A polio-like illness that causes paralysis has affected children in several states, including Pennsylvania, Colorado, Illinois and Minnesota.
According to the CDC, 38 confirmed cases of Acute Flaccid Myelitis (AFM) — an illness that resembles polio in that it targets the nervous system and spinal chord and causes limp weakness, paralysis and respiratory failure — have appeared in 16 states in 2018 as of Sept. 30.
Three cases were reported in Pittsburgh, Pennsylvania, ABC News reported. A spokesperson for UPMC Children’s Hospital, where the children are staying, told the outlet, “Isolation protocols and infection control procedures are in place, and we are working with the CDC and the Allegheny County Health Department to further monitor and evaluate the patient conditions.”
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The Colorado Department of Public Health & Environment’s website says that 14 cases of AFM have appeared in the state this year — up from one per year since 2015 and 11 in 2014.
Most of the 14 Colorado residents’ illnesses were linked to enterovirus A71, and two were linked to enterovirus D68. Both are particular strains of polio’s virus family, according to ABC News.
In Chicago, two patients have come down with the illness, ABC7 reported. One of the patients, 2-year-old Julia Payne, is starting rehab after contending with the illness for almost one month.
“It’s really just a common cold virus and it attacked Julia’s body and spinal cord a certain way, and it seems to be happening to other kids too,” Josh Payne, Julia’s father, told ABC7.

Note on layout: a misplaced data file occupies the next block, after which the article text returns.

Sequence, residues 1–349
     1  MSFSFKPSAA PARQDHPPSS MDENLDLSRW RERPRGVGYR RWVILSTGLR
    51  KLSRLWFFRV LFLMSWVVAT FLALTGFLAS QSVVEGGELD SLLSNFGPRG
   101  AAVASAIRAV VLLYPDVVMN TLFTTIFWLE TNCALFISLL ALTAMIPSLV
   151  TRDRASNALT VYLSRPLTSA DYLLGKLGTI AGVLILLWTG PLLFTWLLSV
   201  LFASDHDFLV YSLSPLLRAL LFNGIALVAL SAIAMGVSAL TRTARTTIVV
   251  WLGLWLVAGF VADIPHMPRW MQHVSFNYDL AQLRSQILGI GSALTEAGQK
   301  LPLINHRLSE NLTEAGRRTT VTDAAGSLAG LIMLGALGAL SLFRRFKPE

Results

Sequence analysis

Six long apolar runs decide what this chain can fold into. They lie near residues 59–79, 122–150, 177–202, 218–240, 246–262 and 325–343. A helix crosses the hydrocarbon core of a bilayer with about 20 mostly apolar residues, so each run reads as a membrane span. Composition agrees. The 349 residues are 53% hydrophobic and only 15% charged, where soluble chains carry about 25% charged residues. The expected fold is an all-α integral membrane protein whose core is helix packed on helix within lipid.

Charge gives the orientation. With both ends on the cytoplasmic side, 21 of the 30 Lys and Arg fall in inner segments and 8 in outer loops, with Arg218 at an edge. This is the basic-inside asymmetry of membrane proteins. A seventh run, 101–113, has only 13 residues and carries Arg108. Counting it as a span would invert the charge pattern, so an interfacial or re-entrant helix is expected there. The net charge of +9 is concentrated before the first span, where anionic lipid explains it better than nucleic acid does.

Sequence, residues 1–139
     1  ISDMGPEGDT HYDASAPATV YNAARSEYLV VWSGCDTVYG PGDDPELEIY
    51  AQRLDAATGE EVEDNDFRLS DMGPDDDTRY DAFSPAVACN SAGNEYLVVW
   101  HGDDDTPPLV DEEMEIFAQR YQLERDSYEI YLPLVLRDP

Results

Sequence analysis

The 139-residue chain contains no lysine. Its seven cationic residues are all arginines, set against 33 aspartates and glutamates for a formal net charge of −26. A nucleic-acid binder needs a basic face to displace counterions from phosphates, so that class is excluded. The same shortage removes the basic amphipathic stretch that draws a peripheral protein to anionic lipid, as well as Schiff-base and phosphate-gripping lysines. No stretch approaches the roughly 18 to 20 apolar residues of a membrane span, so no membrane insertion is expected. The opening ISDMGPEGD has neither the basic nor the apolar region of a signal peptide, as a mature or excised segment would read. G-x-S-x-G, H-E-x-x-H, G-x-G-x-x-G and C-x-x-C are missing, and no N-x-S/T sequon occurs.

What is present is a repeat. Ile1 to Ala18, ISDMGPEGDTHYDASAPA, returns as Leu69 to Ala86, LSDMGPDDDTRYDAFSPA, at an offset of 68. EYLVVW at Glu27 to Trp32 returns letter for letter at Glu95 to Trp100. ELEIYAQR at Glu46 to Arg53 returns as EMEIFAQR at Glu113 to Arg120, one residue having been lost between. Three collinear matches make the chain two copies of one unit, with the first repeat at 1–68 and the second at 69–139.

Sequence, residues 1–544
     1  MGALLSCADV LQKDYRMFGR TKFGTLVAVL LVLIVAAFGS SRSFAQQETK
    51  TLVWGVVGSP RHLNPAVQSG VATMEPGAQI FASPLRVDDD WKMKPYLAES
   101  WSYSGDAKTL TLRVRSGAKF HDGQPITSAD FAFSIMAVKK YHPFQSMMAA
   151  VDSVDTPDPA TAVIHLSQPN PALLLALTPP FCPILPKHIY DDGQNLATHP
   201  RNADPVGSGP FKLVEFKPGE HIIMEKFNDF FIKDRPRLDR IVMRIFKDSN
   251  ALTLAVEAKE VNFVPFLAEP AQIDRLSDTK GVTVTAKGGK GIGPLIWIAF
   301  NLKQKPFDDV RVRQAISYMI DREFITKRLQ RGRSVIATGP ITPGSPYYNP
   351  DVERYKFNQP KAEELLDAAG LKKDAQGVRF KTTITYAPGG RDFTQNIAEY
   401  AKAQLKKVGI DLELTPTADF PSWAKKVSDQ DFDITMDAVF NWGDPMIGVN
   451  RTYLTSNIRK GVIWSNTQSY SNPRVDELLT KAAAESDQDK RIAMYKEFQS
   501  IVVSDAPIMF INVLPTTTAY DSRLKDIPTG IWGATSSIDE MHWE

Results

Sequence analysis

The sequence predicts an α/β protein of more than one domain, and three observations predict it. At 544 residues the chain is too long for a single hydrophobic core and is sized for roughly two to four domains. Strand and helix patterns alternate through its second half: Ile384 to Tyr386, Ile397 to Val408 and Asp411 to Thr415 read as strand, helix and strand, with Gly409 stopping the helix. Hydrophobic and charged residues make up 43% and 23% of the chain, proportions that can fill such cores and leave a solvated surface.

The CDC reported 120 cases in 34 states in 2014, 22 cases in 17 states in 2015, 149 cases in 38 states and Washington, D.C., in 2016 and 33 cases in 16 states in 2017.
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“The cause of most of the AFM cases remains unknown,” the CDC wrote. “We don’t know what caused the increase in AFM cases starting in 2014.”
The CDC lists facial droop/weakness, difficulty moving the eyes, drooping eyelids or difficulty with swallowing or slurred speech as symptoms. The CDC added, “The most severe symptom of AFM is respiratory failure that can happen when the muscles involved with breathing become weak.”
In Minnesota, six children have been diagnosed with AFM since mid-September. James Hill, the father of 7-year-old AFM patient Quinton, told USA Today, “It’s been very scary.”
“There’s not much that can be done and as a parent that’s very difficult to deal with,” Hill added. “Just to have him lift his head up a bit more to look to the side was a blessing because we didn’t know if that was coming back.”
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“It’s something that’s very scary for people because it’s a polio-like illness and it can show up in otherwise healthy children,” Dr. Aaron Michael Milstone, the Associate Professor Pediatrics at John Hopkins University School of Medicine, told PEOPLE.
“If they have weakness in the leg, the child may not walk right, they may limp a little or if they have trouble holding up their arms,” Milstone warned. “That’s when they want to check in with their pediatrician.”
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